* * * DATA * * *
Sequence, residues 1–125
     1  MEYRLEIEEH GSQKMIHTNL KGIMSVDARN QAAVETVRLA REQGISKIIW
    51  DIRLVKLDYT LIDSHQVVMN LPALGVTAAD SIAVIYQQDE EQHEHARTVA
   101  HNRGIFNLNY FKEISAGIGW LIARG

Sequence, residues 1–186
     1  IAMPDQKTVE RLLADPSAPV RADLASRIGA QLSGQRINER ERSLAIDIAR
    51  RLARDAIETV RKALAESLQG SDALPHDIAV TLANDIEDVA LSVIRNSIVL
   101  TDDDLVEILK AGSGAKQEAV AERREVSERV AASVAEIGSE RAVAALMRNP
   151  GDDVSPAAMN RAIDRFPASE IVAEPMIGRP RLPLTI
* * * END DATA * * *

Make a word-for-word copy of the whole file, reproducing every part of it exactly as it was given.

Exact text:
Sequence, residues 1–125
     1  MEYRLEIEEH GSQKMIHTNL KGIMSVDARN QAAVETVRLA REQGISKIIW
    51  DIRLVKLDYT LIDSHQVVMN LPALGVTAAD SIAVIYQQDE EQHEHARTVA
   101  HNRGIFNLNY FKEISAGIGW LIARG

Sequence, residues 1–186
     1  IAMPDQKTVE RLLADPSAPV RADLASRIGA QLSGQRINER ERSLAIDIAR
    51  RLARDAIETV RKALAESLQG SDALPHDIAV TLANDIEDVA LSVIRNSIVL
   101  TDDDLVEILK AGSGAKQEAV AERREVSERV AASVAEIGSE RAVAALMRNP
   151  GDDVSPAAMN RAIDRFPASE IVAEPMIGRP RLPLTI